CIS 107a: Introduction to Hardware Concepts

Chapter 1: Introducing Hardware


This chapter introduces the student to computer hardware. The objectives important to this chapter are:

  1. Understanding the functions of several hardware components in a computer.
  2. Understanding three basic types of software: Basic Input Output System (BIOS), Operating System (OS), and Applications.
  3. Using primary and secondary memory (storage).

The text begins by reassuring the reader that most people who use computers do not have to understand what goes on inside them. A person who seeks to work in the computer field, however, should know how they work.

Hardware means any physical component in a computer. Software means a set of instructions that the computer follows. Data means additional information that will be processed by the instructions. For example, a computer (hardware) may run a word processing program (instructions). The user will type a document (enter data) and the program will make it look better. This leads to the list of the four basic tasks a computer performs. Consider this to be a model of how a computer works:

  • Input - data given to the program, such as the contents of a document
  • Processing - doing something with the data, like formatting a page
  • Output - showing the user what has been done, such as printing or displaying it. Output could also be saved to a file.
  • Storage - putting the data in memory: short term, like RAM, or long term, like a hard drive

Interacting with a computer often requires several layers of translation. In the illustration on page 3, the user is typing English letters on a keyboard (input) which is translated into binary code (1s and 0s). The binary symbols are stored in RAM (storage), where they can be accessed and used by the program (processed), and sent to a printer (output). Since the computer only understands binary code, a translation utility actually processes the keypresses before storage in RAM.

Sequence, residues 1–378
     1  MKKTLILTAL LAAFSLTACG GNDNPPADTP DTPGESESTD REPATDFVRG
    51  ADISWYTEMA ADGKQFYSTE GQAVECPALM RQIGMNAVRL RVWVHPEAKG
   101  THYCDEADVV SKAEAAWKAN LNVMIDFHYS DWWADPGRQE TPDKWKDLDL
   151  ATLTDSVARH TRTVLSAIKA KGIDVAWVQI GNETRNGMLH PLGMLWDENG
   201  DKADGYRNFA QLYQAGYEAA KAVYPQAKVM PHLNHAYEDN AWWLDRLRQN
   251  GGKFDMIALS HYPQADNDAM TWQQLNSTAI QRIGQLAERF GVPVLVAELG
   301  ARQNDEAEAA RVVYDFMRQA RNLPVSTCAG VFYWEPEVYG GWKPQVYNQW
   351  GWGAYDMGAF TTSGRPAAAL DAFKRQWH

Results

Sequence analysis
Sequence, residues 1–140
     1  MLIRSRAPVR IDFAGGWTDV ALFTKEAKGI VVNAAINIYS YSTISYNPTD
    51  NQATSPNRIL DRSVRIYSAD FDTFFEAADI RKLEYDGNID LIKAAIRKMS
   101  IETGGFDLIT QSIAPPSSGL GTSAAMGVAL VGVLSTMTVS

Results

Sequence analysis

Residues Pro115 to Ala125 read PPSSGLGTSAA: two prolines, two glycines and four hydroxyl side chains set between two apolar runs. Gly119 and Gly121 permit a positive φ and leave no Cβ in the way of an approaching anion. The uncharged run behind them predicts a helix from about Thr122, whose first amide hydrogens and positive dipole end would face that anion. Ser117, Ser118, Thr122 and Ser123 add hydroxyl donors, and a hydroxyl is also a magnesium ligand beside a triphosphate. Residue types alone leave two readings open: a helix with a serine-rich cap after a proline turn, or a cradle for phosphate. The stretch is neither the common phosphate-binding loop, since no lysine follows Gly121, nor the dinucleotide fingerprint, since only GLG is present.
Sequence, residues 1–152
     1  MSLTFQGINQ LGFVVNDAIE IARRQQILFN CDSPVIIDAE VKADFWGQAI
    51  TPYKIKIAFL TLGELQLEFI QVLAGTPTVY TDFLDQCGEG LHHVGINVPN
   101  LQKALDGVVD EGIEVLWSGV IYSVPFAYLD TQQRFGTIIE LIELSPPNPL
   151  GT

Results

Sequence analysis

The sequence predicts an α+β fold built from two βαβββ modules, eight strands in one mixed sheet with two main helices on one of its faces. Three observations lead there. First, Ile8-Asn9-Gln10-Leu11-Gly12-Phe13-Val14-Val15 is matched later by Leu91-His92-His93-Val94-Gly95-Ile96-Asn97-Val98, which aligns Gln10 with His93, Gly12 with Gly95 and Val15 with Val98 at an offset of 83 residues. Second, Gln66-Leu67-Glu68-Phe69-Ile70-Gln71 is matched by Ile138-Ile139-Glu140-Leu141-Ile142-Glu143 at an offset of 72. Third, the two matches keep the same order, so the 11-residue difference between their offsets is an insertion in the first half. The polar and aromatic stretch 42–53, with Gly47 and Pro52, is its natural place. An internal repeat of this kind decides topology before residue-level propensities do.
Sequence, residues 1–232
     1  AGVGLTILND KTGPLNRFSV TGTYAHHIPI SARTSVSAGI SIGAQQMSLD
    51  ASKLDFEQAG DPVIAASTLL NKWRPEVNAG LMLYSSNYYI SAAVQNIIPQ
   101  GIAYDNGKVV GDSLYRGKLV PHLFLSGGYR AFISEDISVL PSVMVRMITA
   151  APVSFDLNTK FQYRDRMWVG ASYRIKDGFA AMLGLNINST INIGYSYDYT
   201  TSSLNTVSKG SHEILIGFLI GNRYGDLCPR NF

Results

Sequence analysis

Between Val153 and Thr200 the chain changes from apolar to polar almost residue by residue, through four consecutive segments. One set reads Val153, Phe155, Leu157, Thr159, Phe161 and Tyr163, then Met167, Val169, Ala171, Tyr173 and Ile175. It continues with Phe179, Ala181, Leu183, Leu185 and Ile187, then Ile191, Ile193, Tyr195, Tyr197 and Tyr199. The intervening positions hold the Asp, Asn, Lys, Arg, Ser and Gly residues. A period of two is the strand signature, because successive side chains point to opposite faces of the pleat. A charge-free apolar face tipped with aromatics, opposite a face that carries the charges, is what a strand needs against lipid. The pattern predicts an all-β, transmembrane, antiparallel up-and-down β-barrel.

Page 4 begins the discussion of hardware components. The most important component is the Central Processing Unit (CPU), also called the Processor. This is the brain of the computer. Often computers are referred to by their processor type: 386, 486, Pentium, and Athlon are examples. The CPU fits in the model above at the Processing stage. Obviously, it must communicate with the input, output, and storage devices. Regarding these devices, a list is given of things they need:

  • a communication channel between the device and the CPU
  • software to control the device, often called a driver
  • power - batteries, alternating current, etc.

Components of a computer can be considered to be internal or external, depending whether they are installed inside the computer's case. (When installed outside the case, they are often referred to as peripheral devices.)

External devices usually attach to a computer using a cable, although some devices use radio waves or infra-red to communicate with a receiver attached to (or part of) the computer. Cables attach to ports. (This is an industry term. If you were phone installer plugging a telephone into a wall socket, you'd call the socket a jack. If you were a computer technician plugging it into a socket on a computer, you'd call the socket a port.) Many kinds of cables and ports are used, and they will be discussed in detail later in the course.

Input devices provide information to the computer. The most common input devices are keyboards and mice. Output devices provide information from the computer. The most common output devices are monitors and printers. Page 6 briefly describes monitors and printers. Be aware of the definition of pixel: a picture element, usually a dot on the screen that is part of the image being displayed. The more pixels a monitor can display, the better its pictures should be.

The chapter briefly describes some commonly used connectors: VGA, DVI, USB, and Parallel. To see some nice diagrams of these connectors (and more) follow these links to resources on the BlackBox site:

  • Data interfaces - shows the number of pins, connector shape, and wiring for several connector types
  • Connector Guide - an identification chart for several types of connectors

The next item in this chapter's overview is about internal hardware components. The picture on page 7 is quite bad, because it shows no details that would enable the reader to tell where one component ends and the next begins. It does, however, present the reader with a common, realistic view of the inside of a computer: lots of components with cables obscuring your view of anything you might be looking for. You should become familiar with the list of common components on page 7: